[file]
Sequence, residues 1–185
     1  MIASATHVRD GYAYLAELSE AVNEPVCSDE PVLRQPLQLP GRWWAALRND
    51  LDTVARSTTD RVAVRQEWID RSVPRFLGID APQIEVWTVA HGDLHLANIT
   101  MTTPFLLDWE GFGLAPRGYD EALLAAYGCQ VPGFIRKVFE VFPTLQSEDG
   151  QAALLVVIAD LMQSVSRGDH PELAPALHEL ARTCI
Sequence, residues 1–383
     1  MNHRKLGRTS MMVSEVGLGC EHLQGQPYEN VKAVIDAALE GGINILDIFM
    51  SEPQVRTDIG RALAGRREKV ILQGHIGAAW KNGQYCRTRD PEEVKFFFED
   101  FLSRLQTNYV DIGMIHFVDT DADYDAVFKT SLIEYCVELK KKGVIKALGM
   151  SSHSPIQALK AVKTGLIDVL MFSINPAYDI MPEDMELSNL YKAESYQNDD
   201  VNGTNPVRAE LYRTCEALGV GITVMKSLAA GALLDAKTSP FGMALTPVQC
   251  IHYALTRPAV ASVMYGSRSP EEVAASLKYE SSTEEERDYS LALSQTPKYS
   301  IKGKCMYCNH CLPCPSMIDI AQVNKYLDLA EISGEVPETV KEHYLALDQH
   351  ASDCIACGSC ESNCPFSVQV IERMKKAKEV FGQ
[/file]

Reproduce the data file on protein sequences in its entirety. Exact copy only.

Sequence, residues 1–185
     1  MIASATHVRD GYAYLAELSE AVNEPVCSDE PVLRQPLQLP GRWWAALRND
    51  LDTVARSTTD RVAVRQEWID RSVPRFLGID APQIEVWTVA HGDLHLANIT
   101  MTTPFLLDWE GFGLAPRGYD EALLAAYGCQ VPGFIRKVFE VFPTLQSEDG
   151  QAALLVVIAD LMQSVSRGDH PELAPALHEL ARTCI
Sequence, residues 1–383
     1  MNHRKLGRTS MMVSEVGLGC EHLQGQPYEN VKAVIDAALE GGINILDIFM
    51  SEPQVRTDIG RALAGRREKV ILQGHIGAAW KNGQYCRTRD PEEVKFFFED
   101  FLSRLQTNYV DIGMIHFVDT DADYDAVFKT SLIEYCVELK KKGVIKALGM
   151  SSHSPIQALK AVKTGLIDVL MFSINPAYDI MPEDMELSNL YKAESYQNDD
   201  VNGTNPVRAE LYRTCEALGV GITVMKSLAA GALLDAKTSP FGMALTPVQC
   251  IHYALTRPAV ASVMYGSRSP EEVAASLKYE SSTEEERDYS LALSQTPKYS
   301  IKGKCMYCNH CLPCPSMIDI AQVNKYLDLA EISGEVPETV KEHYLALDQH
   351  ASDCIACGSC ESNCPFSVQV IERMKKAKEV FGQ